The picture above was taken by Carmel Loggenberg/EWN, published at http://ewn.co.za/2014/09/07/3-die-from-shack-fires
Blog by Gabrielle Ritchie 16 March 2015
What prompts us to give? Five motivators to giving money to social causes:
Summer at the Cape Peninsula in South Africa is always a time for truly wicked bushfires. The combination of dry weather and outrageously strong winds is a recipe for disaster. Summer 2015 has been no different. Huge fires that last for days are, thankfully, quite rare, and so it seems that this summer was to be Cape Town’s first real “big fire” season in quite a few years. Bush firefighting is a massive community endeavour, heavily reliant on volunteer firefighters, drivers, food donations, co-ordination, evacuation assistance and so on. The recent Cape Town fire (which started 1st March) used more than 400 firefighters, burned for 5 days, turned to charcoal more than 5,500 hectares of land – and at many points seemed unstoppable, with huge flames and the front line spreading for kilometres. On the 4th day of the fire, a local radio station hosted a fundraising phone-a-thon for one of the volunteer firefighting services, and raised – in the space of about 12 hours – approximately 14x their original target. Corporates and individuals called in, pledging their financial support to the firefighting non-profit. It was a truly spectacular fundraising success. To the volunteer organisation’s enormous credit, their social media campaign was impeccable all the way through the 5-day fire. It was textbook campaign excellence and the phone-a-thon results reflected this clearly.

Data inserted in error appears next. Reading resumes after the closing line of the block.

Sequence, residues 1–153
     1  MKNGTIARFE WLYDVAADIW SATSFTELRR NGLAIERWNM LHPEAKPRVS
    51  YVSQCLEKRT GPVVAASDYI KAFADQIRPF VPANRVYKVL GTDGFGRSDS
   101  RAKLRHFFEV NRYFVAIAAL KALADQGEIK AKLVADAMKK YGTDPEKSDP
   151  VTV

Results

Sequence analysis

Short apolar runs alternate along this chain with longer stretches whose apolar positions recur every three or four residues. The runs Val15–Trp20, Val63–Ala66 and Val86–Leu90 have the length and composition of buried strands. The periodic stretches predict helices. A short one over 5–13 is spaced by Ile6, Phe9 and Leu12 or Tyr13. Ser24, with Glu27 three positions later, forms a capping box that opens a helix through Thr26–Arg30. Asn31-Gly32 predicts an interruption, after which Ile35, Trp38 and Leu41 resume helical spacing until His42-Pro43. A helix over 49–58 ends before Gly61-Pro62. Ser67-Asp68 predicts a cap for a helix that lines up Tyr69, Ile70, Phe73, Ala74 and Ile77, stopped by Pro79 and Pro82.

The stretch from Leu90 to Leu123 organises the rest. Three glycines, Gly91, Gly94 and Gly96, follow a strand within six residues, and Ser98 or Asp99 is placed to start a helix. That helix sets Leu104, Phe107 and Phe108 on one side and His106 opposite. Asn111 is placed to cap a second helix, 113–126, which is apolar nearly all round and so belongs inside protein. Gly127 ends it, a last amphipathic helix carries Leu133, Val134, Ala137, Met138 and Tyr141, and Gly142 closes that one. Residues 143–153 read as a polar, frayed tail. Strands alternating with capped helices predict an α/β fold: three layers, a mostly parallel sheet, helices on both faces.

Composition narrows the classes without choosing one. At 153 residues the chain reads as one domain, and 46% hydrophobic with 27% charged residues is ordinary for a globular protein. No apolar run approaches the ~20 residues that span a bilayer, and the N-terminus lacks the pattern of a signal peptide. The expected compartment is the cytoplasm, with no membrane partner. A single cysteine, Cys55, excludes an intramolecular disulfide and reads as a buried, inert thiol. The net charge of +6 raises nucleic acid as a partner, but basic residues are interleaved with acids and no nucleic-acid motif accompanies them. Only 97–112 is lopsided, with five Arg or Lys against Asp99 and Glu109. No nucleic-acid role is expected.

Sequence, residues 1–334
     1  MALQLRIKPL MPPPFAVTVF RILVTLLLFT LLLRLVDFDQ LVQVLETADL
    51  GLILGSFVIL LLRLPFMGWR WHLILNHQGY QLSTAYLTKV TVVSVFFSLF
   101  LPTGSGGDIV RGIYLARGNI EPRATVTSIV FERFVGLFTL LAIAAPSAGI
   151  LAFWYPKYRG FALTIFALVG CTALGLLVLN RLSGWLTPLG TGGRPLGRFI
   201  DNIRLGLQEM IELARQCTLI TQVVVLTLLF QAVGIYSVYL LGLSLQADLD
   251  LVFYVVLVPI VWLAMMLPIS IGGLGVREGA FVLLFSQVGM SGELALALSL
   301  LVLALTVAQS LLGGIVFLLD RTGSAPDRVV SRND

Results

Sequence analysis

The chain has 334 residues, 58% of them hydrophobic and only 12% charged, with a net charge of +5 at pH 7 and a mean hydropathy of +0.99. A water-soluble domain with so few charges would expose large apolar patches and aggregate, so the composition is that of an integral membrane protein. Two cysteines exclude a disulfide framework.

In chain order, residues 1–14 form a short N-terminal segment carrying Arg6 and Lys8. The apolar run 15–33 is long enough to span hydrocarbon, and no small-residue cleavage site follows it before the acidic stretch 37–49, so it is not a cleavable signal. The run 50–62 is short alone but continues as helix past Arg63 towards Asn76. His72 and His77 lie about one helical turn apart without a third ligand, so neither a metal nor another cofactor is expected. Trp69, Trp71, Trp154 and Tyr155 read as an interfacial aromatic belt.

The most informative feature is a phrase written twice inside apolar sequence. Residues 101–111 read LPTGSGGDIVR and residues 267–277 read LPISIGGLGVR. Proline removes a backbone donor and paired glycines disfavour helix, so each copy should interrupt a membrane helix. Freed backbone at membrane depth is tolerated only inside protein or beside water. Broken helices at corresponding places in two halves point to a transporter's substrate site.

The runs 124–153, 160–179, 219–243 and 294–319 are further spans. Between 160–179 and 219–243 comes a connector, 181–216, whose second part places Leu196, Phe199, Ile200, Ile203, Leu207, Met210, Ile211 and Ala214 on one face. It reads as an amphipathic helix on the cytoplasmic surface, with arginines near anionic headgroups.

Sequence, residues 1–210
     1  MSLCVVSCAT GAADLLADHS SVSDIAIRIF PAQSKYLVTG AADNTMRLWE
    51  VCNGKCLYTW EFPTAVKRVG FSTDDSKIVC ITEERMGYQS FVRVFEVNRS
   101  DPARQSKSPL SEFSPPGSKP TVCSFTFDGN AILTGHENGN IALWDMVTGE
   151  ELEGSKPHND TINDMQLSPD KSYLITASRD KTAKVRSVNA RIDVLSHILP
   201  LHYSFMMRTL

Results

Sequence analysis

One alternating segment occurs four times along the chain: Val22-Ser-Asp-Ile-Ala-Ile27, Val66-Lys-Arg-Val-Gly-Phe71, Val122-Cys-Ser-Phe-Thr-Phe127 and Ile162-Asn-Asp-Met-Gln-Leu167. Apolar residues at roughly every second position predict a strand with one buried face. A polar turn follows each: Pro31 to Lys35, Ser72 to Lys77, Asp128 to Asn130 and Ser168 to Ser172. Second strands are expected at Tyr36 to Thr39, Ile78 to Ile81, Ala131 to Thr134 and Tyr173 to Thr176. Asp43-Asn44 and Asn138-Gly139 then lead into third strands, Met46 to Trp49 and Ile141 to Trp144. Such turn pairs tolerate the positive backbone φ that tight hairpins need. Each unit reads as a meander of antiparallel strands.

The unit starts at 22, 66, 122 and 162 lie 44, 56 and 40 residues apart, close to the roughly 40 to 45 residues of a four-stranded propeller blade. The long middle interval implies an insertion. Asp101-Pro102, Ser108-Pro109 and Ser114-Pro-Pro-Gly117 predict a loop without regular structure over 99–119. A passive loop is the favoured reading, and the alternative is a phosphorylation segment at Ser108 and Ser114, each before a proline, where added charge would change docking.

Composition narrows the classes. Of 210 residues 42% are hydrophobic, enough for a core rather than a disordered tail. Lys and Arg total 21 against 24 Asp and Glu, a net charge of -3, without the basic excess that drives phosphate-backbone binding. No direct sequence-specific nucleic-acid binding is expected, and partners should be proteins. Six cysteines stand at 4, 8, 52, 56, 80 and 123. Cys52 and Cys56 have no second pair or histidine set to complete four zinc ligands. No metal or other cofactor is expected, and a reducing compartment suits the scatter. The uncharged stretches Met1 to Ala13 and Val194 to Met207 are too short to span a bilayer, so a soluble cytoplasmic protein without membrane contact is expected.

Along with this fundraising success came the very necessary questions from concerned members of the public and social media commentators. These questions focused on how non-profit causes are promoted; who decides on which causes are provided with media platforms for fundraising; whose lives and homes are privileged for fundraising, while others’ are deemed unimportant; does money always go to the already-resourced organisations; what about the hundreds of people routinely losing everything to shack fires that break out in squatter communities?
These are just some of the questions that put the notion of “fundraising success” under a social justice lens, and which invite scrutiny and interrogation of the politics of public fundraising appeals. I have had many discussions, arguments and debates since the fires about the profiling of some causes above others, and about the role of activists and organisations in shaping public understanding about social issues. While those discussions are far-reaching and complex, the key question remains about how individuals make decisions about what they are going to give their hard-earned cash to.
Below are listed the five top reasons, in my opinion, why people give:
- Passion – what is in our hearts. Often this isn’t something we can account for or necessarily explain at first, but when it connects, you feel it. As per the recent Cape Town example, if we care about the environment in general, and the Table Mountain National Park in particular (which was spectacularly affected in the fires), then supporting a volunteer firefighting organisation is a “no-brainer”.